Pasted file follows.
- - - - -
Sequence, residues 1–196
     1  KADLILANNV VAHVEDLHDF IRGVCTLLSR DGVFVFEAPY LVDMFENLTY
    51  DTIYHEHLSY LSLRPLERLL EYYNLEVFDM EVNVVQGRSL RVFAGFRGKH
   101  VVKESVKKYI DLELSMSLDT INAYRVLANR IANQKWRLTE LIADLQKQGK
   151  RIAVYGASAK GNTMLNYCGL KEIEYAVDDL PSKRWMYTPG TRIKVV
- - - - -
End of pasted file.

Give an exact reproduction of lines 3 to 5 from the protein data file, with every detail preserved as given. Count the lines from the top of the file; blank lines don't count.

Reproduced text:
    51  DTIYHEHLSY LSLRPLERLL EYYNLEVFDM EVNVVQGRSL RVFAGFRGKH
   101  VVKESVKKYI DLELSMSLDT INAYRVLANR IANQKWRLTE LIADLQKQGK
   151  RIAVYGASAK GNTMLNYCGL KEIEYAVDDL PSKRWMYTPG TRIKVV